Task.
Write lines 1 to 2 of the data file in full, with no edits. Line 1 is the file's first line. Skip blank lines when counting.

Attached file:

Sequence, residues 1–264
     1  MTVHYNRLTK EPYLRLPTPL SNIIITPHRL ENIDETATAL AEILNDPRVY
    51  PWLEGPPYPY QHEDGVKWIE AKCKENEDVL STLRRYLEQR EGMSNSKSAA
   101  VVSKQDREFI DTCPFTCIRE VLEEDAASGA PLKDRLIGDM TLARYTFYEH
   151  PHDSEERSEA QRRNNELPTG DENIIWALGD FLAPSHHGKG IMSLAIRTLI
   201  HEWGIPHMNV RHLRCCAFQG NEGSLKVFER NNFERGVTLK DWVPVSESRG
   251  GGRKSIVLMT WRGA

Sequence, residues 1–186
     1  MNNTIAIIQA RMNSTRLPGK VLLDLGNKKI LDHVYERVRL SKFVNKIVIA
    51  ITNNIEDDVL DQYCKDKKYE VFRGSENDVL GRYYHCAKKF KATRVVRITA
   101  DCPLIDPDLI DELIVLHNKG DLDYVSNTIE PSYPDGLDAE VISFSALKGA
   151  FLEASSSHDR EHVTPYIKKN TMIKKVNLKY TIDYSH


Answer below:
Sequence, residues 1–264
     1  MTVHYNRLTK EPYLRLPTPL SNIIITPHRL ENIDETATAL AEILNDPRVY